17 February, 2020
23 February, 2021
12 Aristide Mouaha Tcheussi (CMR)
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Aristide Mouaha from mop boy to Cameroon international

YAOUNDE (Cameroon) - The game was in the third quarter and hosts Cameroon were leading Guinea 57-37 when Franck Yangue put the ball into Aristide Mouaha's hands.

The 1.91m (6ft 3in) point guard who was playing his maiden game for "The Lions" as the Cameroonian team is referred to burst into the paint with lightning speed, jumped high, and capped it with a ferocious dunk.

Mouaha's dunk however ended with him landing into the mop boy whom he winked at before taping him on the shoulder.

He had been there before and this encounter with the sweeper had just rekindled memories.


At the FIBA Women's AfroBasket 2015, Mouaha made it a duty sliding around the court with a large towel that no drop of sweat or debris that could dent the game was ever spotted on the woodwork.

"I have huge respect for the sweepers. I know what it is because my love for this sport stemmed from being a mop boy," Mouaha said in an exclusive interview with FIBA.basketball.

"It was my first real close experience with the sport," the 20-year-old stated before continuing, "There's something about being on the court. You see some of the things the players do better, you understand why they make a move and not another, and this close experience changed everything for me."

Despite being groomed in a basketball-mad family, Mouaha tilted more to football, at times attracting the angst of his parents and siblings.

"Two of my brothers play basketball and it's always the main topic at home. I was the tallest of all three, yet I played football," Mouaha admitted as he drove his hand through his locks.

"One day my mother called me and said I had to stop playing around and focus on basketball.

"Then once I went to the sports complex to watch my brother play a game. He had such a wonderful performance that I told myself that the next time I will be on the court rather than in the stands.

Alain Zedong has coached Cameroon at two straight FIBA Women's AfroBasket in 2013 and 2015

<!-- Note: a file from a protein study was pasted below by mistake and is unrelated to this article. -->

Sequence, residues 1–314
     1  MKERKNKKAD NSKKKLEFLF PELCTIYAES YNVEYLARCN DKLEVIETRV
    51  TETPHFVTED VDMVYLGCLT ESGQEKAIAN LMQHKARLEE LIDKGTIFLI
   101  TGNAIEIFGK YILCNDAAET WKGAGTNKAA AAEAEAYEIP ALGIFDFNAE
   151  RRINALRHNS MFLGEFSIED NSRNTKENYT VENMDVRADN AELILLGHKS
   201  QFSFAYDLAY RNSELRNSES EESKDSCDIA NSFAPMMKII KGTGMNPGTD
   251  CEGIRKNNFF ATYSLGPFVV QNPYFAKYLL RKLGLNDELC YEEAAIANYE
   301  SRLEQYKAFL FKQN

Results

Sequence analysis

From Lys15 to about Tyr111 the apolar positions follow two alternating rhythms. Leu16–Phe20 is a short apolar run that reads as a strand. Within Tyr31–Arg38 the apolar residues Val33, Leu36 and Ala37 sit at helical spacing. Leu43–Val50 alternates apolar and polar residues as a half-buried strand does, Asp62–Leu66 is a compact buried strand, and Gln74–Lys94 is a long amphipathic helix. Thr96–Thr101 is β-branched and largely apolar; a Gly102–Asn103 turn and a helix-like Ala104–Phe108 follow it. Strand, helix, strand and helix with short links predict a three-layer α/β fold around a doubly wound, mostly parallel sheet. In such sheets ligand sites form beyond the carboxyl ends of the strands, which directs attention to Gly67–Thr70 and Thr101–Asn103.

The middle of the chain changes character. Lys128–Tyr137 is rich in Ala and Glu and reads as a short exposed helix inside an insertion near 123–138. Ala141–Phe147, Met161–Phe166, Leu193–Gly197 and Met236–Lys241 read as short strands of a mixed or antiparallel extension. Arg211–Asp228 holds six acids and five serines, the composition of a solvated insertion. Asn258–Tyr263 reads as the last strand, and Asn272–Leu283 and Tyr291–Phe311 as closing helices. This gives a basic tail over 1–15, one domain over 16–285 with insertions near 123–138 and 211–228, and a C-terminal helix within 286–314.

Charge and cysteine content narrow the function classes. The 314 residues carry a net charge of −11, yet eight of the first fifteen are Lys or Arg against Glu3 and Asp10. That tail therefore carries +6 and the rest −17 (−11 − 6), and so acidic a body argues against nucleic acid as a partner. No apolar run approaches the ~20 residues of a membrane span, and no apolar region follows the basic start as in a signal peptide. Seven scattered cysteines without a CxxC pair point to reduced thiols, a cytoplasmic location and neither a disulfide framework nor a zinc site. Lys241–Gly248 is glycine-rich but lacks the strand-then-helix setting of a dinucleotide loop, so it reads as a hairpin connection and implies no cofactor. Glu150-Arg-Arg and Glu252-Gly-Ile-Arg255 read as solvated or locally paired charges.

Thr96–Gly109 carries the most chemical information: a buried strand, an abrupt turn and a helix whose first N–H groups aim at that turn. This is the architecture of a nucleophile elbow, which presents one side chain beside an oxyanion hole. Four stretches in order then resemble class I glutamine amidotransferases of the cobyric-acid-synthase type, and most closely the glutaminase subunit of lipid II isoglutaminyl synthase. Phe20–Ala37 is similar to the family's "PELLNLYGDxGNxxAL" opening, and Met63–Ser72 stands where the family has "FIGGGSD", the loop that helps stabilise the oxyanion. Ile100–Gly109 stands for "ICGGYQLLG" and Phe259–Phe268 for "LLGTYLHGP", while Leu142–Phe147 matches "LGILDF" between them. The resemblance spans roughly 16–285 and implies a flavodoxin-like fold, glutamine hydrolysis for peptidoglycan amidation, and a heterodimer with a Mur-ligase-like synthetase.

"After that episode, I went and registered at Alph Academy where I worked with Coach Alain Zedong and Francois Enyegue. From there I went to INJS for a year before I got an opportunity to continue playing basketball in Italy," he said.

But the Douala native is adamant talking to players and being close to them during the FIBA Women's AfroBasket 2015 bonanza  held in Yaounde fuelled his decision to dedicate his life to the game.

"Getting close to the court was an opportunity for us to get some kits from the players. Some of them were very cool," he remarked.

"Some of them were nice enough to give us jerseys, sneakers and even talk to us."

Mouaha on the books of Italian second-tier side Latina emphasizes however that his career was shaped by an exchange with former Cameroon point guard Miesha Blackshear.

Miesha who's now 33, was one of Cameroon's bright spots at the FIBA Women's AfroBasket 2015 posting 4.9 points and 1.9 rebounds but it was her energy on the court that influenced Mouaha's penchant for playmaking.

"Initially I played more as a small forward," the former INJS player said before pursuing, "Then I watched Miesha Blackshear and I was stunned."

Back in 2015, Cameroon denied Nigeria in the Semi-Final in front of a sellout crowd.

"Often when they had shooting drills, I'll stay around so I could pass the ball to the players and I had a very long discussion with Miesha.

"She was an exceptional point guard, with a wonderful reading of the game and I wanted to fashion my game to what I saw.

"She told me a lot of things I could do to be a better player. She gave me some hints on how to read the game, how to tackle an opponent, and the drills I could engage in to be a good point guard.

"To date, we've remained good friends and even though she's now retired, she's always ready to advise on how to get about certain challenges."

Mouaha's dream debut for Cameroon came on home court against Guinea where he posted 8 points and 4 assists in the Second Round of the FIBA AfroBasket 2021 Qualifiers.

"This was something incredible for me to play on the same court I used to mop and before my family," he recalled.

"It's proof that hard work pays off. When I look at all that I've been through, I tell myself that it was worth it.

"What I want kids who are lovers of basketball to know is that everything is possible if you set your mind to it.

"I want to continue working hard and continue producing results for both my club and country.

"I'll love to play at the FIBA Basketball World Cup with my country. That will probably be one of the highlights of my career," he concluded.